By Michael Arbeiter, Hollywood.com Staff
There's no question that superheroes are a lucrative bunch. From Spider-Man to The Dark Knight, crime-fighters on the big screen often translate to big bucks at the box office. But how much does it actually cost to be a superhero? To celebrate Superhero Week and May 4's all-star blockbuster The Avengers Hollywood.com delves into the sustainability of our favorite heroes' super extracurricular activities. Would they have the funds and good health to keep up with their secret lifestyles? Today, we take a look at that unfortunate figure the Hulk from the 2008 film The Incredible Hulk, whose crippling rage might be second only to his crippling debt. You wouldn't like him when he's couponing.
Name: Dr. Bruce Banner
Superhero Alias: The Hulk
Occupation: Banner started out his professional career as a scientist, followed by a few months of day laboring in a Brazilian factory. By the second act of the movie, he's what the politically correct refer to as a philosophical freelancer... otherwise known as a bum.
Income: For the most part, none. All funds from his pre-lam days are untouchable, so all he really has is (at most) five months' worth of whatever a Brazilian day laborer would earn at a bottling factory. That, and some spare change garnered via your honest day's work of begging, and the cash he guilts Betty Ross into lending him.
Rent: What did a rundown Brazilian studio go for in 2008? Banner spent about five months shacked up in a Rio de Janeiro shantytown, which should have run him no more than $2500. How about a hut in the outskirts of British Columbia? By the end of the film, the professor has taken up in a remote area of Bella Coola, where his amenities are even slimmer. Assuming he's renting, this might amount to $1000 a month.
Costume: Just your average, often painfully bland digs. Throughout The Incredible Hulk, Banner rips through four outfits, resupplying via beggar change and loaners from Betty Ross... presumably, clothes that belong to her boyfriend, Dr. Phil Dunphy. Kind of crossing a line there, Bruce.
Weapons: Bare hands. Genetically mutated, rage-induced bare hands.
Gadgets: Banner has an outdated off-brand laptop (complete with your standard "Hello Neo"-esque instant messaging program), and some kind of portable satellite dish, presumably for picking up Internet signal. Otherwise, he pretty much lives off the land. While a laptop of the sort would generally run somewhere in the neighborhood of $500 to $1000 dollars, portable satellite dishes are surprisingly cheap: only $100 or so. Good to know, if you're ever planning on running away from the government, but still want the occasional opportunity to check Buzzfeed's latest list of dogs stuck in things.
Damages: Here's where things pick up speed a bit. Throughout The Incredible Hulk, Banner destroys a hefty sum of other people's property. He tears up his bottling plant, wreaks havoc on the campus of Culver University, and doesn't exactly do any favors to New York City. But here's the catch... all of these fights are provoked, or at least abetted, by the United States Military. Now, you have got to assume that the government is quickly and quietly cleaning up these messes to keep the residents and property owners quiet about the onslaught of criminal activity and obvious examples of inhumane genetic testing. Sure, Hulk might be responsible for a handful of broken fire escapes, but Big Brother isn't going to let this case stay on the media's radar for long.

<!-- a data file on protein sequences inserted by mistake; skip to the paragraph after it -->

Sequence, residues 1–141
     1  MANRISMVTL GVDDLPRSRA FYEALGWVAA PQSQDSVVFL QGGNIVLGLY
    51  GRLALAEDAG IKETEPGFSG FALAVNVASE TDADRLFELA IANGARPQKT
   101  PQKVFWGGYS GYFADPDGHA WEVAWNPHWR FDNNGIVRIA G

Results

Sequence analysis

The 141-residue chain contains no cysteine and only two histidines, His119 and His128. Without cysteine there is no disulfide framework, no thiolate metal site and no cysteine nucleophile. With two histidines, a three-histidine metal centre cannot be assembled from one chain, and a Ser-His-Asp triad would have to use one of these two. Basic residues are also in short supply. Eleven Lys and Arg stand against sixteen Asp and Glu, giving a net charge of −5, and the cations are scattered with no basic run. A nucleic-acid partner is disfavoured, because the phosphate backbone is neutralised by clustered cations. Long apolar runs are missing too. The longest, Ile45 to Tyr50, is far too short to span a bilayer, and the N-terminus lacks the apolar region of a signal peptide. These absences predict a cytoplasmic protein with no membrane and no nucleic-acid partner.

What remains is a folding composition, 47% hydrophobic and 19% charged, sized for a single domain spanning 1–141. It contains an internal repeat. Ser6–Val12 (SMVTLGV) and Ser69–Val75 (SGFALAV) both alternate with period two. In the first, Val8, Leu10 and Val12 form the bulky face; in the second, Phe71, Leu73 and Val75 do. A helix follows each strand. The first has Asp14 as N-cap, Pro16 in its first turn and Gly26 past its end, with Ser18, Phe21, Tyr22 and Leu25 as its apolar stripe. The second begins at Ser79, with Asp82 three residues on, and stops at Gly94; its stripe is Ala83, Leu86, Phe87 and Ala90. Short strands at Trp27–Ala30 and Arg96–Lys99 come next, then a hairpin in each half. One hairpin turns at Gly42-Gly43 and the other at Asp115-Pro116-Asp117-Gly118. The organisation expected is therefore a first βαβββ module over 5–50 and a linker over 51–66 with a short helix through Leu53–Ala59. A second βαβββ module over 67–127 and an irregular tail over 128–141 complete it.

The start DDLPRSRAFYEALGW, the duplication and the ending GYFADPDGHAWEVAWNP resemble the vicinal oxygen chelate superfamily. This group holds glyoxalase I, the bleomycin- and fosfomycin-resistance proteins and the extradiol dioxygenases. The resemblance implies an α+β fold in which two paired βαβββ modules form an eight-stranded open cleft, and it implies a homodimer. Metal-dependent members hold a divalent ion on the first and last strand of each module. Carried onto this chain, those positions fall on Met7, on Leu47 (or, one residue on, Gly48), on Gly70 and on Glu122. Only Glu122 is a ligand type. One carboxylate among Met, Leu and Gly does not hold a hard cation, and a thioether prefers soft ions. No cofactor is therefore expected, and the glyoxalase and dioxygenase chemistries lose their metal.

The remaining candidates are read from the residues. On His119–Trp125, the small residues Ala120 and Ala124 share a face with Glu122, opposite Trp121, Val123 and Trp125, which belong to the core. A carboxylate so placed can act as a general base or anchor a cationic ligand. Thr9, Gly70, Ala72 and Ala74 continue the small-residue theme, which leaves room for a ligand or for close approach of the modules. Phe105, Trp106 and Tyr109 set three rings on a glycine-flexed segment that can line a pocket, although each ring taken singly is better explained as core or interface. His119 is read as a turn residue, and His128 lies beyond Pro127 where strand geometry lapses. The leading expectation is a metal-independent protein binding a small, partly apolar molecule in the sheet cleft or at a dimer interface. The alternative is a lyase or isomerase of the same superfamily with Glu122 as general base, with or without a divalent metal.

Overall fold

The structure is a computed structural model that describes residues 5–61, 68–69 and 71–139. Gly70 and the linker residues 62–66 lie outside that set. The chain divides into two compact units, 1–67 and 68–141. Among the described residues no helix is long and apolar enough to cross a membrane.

Transportation: In the spirit of his Bill Bixbian predecessor, Edward Norton's Hulk gets around primarily by hitchhiking presumably, contributing nothing for gas. When he does actually opt for a bus, or an especially frenetic New York City cab, Banner channels his inner sleazebag and has his ex-girlfriend, Betty Ross, pay for everything. Seriously, why are we even rooting for this guy?
Risks: Insurance would be through the roof. Aside from the whole, ""Hulk Smash!"" thing, anger is the chief cause of a lot of health problems.
Perks: Banner left his old life behind to become a proverbial hermit; you can't really go out drinking when the slightest insult from a mouthy bar patron might result in dozens of casualties. That saves a pretty penny.
Entertainment: Banner spends most of his free-time watching Portuguese Sesame Street and going for jogs. A modest TV set would run you only a couple hundred dollars.
Miscellaneous: At the beginning of the film, Banner has a dog. Any dog owner knows that canine companions cost a pretty penny. But it doesn't exactly look like Banner is abiding by the ethical code of pet ownership... especially since he leaves the poor pup as a decoy for the approaching feds. Additionally, during his time in Brazil, Banner seems to be a frequent patron of a local meditation expert. It's hard to say exactly what kind of payment he is doling out for these tips, but yoga classes generally run around $15 per lesson.
Sustainability: Although the Hulk doesn't spend much, he doesn't earn much either. Day laboring won't really cut it if he's planning on keeping that fancy Canadian living space, and especially if he's looking into another dog, or some more zen classes. Oh, and then there's the little matter of food.
Final Calculation: The Hulk lucks out a lot. It's none too easy to find a willing driver when you're a shirtless hitchhiker without any cash. Thankfully, the superhero will be finding a new occupation in the very near future... but does Nick Fury offer dental?
The Price of Being a Superhero: Iron Man
The Price of Being a Superhero: Spider-Man
The Price of Being a Superhero: Batman